We grow more attached to God because our God – in contrast to, say, the gods on the heights of Olympus or some of the ancient near-Eastern gods, and certainly our contemporary “gods” of wealth and power – is all about love and relationship. Our God loves us, and He wants us to love Him in return. And because we have a relationship with God, and because our God loves us and wants for us to love Him in return, the more we interact with Him, the more often we communicate, even if that communicating is a wrestling, the more we embrace and attach ourselves to Him.
I suspect that all of us here this morning have wrestled with, and perhaps continue to wrestle with, God, engaging God about what we want, which may differ or seem to differ from what God wants. We probably wrestle alone, as Jacob did. Maybe we wrestle in the middle of the night, like Jacob did. Maybe we feel put out of joint when we wrestle, or maybe we feel blessed, as Jacob was. But whenever we wrestle with God, we are in a mysterious way drawn closer; we become more attached to God, we more closely embrace Him.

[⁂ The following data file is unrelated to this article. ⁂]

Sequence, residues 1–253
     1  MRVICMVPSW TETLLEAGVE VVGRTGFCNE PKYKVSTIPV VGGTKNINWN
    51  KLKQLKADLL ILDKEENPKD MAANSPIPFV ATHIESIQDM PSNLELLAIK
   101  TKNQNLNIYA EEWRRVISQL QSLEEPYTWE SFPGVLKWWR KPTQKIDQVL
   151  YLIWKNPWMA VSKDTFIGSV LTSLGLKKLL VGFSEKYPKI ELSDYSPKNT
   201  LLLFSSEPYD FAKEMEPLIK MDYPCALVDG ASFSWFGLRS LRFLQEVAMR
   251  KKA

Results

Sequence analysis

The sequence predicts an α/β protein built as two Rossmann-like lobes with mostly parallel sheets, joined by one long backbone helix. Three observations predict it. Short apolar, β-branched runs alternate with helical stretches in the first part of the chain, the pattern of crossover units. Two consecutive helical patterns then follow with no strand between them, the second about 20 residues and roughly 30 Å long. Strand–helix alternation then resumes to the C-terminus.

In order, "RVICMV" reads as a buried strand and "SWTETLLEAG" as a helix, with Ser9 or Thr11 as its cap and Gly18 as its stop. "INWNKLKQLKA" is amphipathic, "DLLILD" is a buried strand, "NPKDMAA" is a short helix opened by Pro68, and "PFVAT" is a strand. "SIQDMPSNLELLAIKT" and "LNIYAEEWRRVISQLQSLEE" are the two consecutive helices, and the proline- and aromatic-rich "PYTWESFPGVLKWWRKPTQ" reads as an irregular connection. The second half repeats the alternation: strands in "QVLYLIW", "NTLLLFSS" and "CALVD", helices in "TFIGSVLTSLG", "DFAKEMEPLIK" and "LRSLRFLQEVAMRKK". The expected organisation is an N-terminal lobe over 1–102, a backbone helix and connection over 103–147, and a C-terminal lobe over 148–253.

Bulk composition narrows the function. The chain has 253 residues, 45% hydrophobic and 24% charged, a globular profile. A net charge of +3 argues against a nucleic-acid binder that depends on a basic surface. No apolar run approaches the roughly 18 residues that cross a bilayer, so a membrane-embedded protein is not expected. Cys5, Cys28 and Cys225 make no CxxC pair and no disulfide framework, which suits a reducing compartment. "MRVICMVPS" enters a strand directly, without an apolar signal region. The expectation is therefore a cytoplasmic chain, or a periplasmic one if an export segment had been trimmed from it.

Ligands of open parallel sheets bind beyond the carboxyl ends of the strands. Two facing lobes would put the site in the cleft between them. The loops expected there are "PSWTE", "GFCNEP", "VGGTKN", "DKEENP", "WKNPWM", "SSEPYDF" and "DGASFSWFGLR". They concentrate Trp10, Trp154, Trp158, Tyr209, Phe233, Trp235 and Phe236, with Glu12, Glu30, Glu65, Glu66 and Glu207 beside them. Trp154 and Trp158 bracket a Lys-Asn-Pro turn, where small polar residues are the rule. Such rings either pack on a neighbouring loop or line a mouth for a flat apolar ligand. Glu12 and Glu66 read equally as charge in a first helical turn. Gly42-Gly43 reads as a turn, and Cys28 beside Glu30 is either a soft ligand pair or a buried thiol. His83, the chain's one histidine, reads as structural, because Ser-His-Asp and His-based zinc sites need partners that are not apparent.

I’m going to leave us this morning with a quote from one of Christianity’s best-known “wrestlers,” St. Augustine. As I mentioned, Augustine resisted for years becoming a Christian, until finally – as he described in his Confessions – he had a conversion experience. Of his initial wrestling with and subsequent embrace of God, Augustine writes:
Late have I loved you, O Beauty ever ancient, ever new, late have I loved you! You were within me, but I was outside, and it was there that I searched for you. In my unloveliness I plunged into the lovely things which you created. You were with me, but I was not with you. Created things kept me from you; yet if they had not been in you they would have not been at all. You called, you shouted, and you broke through my deafness. You flashed, you shone, and you dispelled my blindness. You breathed your fragrance on me; I drew in breath and now I pant for you. I have tasted you, now I hunger and thirst for more. You touched me, and I burned for your peace.